non acetone nail polish remover cleans old paint, metal, etc, and
effectively vaporizes afterwords. it also cleans hard (not soft) plastic
very well. we use it to refurbish old computers, monitors, mouse,
keyboards, etc - they look brand new! i used it on a car that had old,
chipped paint, and it really cleaned it.
and my deepest sympathies for your loss!
73 mgb, essentially original (its the one with the old, chipped non original
----- Original Message -----
From: "David Macedonia" <firstname.lastname@example.org>
To: "MG List" <email@example.com>
Sent: Monday, August 15, 2005 9:27 PM
Subject: Brake Fluid Spill
> It's a sad day...
> I decided to go for a drive in the 'B yesterday only to discover less than
> block away from the house that I had no clutch pressure...none. I managed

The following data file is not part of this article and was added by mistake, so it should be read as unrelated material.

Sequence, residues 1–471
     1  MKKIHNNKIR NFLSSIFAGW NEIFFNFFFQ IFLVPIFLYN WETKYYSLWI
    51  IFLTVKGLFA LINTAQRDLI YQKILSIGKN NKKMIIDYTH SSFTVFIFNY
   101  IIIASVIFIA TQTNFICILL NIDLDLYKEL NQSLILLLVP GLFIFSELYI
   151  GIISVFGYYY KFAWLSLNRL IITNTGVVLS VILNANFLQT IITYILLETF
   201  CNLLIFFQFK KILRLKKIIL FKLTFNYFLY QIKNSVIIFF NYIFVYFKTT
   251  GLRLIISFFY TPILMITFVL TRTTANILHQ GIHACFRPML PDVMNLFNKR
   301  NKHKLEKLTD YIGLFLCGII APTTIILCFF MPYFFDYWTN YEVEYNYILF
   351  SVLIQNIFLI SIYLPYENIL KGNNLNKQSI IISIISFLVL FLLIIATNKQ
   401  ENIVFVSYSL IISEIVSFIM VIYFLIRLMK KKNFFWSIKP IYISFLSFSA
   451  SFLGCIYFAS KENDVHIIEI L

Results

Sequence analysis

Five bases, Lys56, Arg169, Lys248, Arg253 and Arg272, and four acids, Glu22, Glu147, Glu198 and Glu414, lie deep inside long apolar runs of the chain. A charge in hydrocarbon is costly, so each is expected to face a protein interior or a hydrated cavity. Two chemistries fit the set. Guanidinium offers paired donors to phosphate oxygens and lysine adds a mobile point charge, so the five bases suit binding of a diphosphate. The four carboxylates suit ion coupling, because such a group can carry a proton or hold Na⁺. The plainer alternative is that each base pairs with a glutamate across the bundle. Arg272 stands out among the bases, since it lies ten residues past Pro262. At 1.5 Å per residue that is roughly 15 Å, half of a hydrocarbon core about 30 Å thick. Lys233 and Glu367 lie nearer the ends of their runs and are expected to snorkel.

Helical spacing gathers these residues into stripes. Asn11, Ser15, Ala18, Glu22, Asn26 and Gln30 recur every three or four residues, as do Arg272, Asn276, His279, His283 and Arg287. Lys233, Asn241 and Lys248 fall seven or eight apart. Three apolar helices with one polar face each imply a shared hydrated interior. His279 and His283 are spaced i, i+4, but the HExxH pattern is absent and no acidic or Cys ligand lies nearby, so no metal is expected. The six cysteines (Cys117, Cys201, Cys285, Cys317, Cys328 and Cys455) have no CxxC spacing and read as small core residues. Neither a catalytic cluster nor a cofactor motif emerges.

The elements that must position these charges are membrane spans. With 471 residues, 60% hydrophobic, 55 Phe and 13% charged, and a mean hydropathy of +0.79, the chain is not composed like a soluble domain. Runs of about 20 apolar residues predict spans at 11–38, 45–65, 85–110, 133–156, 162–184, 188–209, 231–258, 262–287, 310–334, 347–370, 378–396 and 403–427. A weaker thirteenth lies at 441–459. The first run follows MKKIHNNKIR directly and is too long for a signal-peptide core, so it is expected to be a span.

> turn it around and get it back into the garage where I discovered that the
> clutch master cylinder had leaked all over the firewall and ruined my new,
> shiny black paint. Bummer.
> Now, the root cause of this catastrophe is the master cylinder repair kit
> that I installed many years ago, but only put into service last December.
> I'm guessing the "new" seals weren't so new by the time I needed them to
> work! Oh well. This time I'm buying a brand new master cylinder. I should
> probably buy a new brake master cylinder while I'm at it because I rebuilt
> that one too.
> So, I need to repaint the pedal box and cover (I've had good success with
> Rustoleum Appliance Epoxy Enamel), but how do I make sure that I get all
> hydraulic fluid off the firewall to make sure it doesn't continue to eat
> through the paint? I've scraped off all the bubbled paint (I wanted to
> but I don't want to paint over it (I'll probably use the touch-up paint my
> body man gave me) until I'm sure all the fluid is gone.
> Any ideas?
> David Macedonia
> 1966 MGB
> Crofton, MD